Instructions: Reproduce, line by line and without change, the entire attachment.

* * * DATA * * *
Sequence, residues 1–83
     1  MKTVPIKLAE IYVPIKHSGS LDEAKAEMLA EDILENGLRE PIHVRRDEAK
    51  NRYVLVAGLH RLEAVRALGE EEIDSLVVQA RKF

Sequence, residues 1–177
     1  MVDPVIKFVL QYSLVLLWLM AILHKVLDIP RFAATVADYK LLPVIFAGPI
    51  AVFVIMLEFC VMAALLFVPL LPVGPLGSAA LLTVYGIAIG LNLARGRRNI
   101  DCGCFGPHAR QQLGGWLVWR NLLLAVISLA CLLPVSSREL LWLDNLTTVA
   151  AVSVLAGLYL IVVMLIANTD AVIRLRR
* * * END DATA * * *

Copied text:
Sequence, residues 1–83
     1  MKTVPIKLAE IYVPIKHSGS LDEAKAEMLA EDILENGLRE PIHVRRDEAK
    51  NRYVLVAGLH RLEAVRALGE EEIDSLVVQA RKF

Sequence, residues 1–177
     1  MVDPVIKFVL QYSLVLLWLM AILHKVLDIP RFAATVADYK LLPVIFAGPI
    51  AVFVIMLEFC VMAALLFVPL LPVGPLGSAA LLTVYGIAIG LNLARGRRNI
   101  DCGCFGPHAR QQLGGWLVWR NLLLAVISLA CLLPVSSREL LWLDNLTTVA
   151  AVSVLAGLYL IVVMLIANTD AVIRLRR